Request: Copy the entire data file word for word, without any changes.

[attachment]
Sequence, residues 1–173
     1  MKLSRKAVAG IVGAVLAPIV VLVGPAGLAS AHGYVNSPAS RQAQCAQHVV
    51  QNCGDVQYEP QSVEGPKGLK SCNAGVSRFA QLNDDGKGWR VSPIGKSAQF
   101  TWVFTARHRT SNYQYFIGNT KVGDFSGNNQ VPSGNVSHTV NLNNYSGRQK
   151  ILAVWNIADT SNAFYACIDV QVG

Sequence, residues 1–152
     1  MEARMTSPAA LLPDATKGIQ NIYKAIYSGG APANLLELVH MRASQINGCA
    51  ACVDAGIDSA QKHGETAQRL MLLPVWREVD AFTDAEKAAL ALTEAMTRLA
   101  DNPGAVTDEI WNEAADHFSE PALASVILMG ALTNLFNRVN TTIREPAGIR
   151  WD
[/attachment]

Sequence, residues 1–173
     1  MKLSRKAVAG IVGAVLAPIV VLVGPAGLAS AHGYVNSPAS RQAQCAQHVV
    51  QNCGDVQYEP QSVEGPKGLK SCNAGVSRFA QLNDDGKGWR VSPIGKSAQF
   101  TWVFTARHRT SNYQYFIGNT KVGDFSGNNQ VPSGNVSHTV NLNNYSGRQK
   151  ILAVWNIADT SNAFYACIDV QVG

Sequence, residues 1–152
     1  MEARMTSPAA LLPDATKGIQ NIYKAIYSGG APANLLELVH MRASQINGCA
    51  ACVDAGIDSA QKHGETAQRL MLLPVWREVD AFTDAEKAAL ALTEAMTRLA
   101  DNPGAVTDEI WNEAADHFSE PALASVILMG ALTNLFNRVN TTIREPAGIR
   151  WD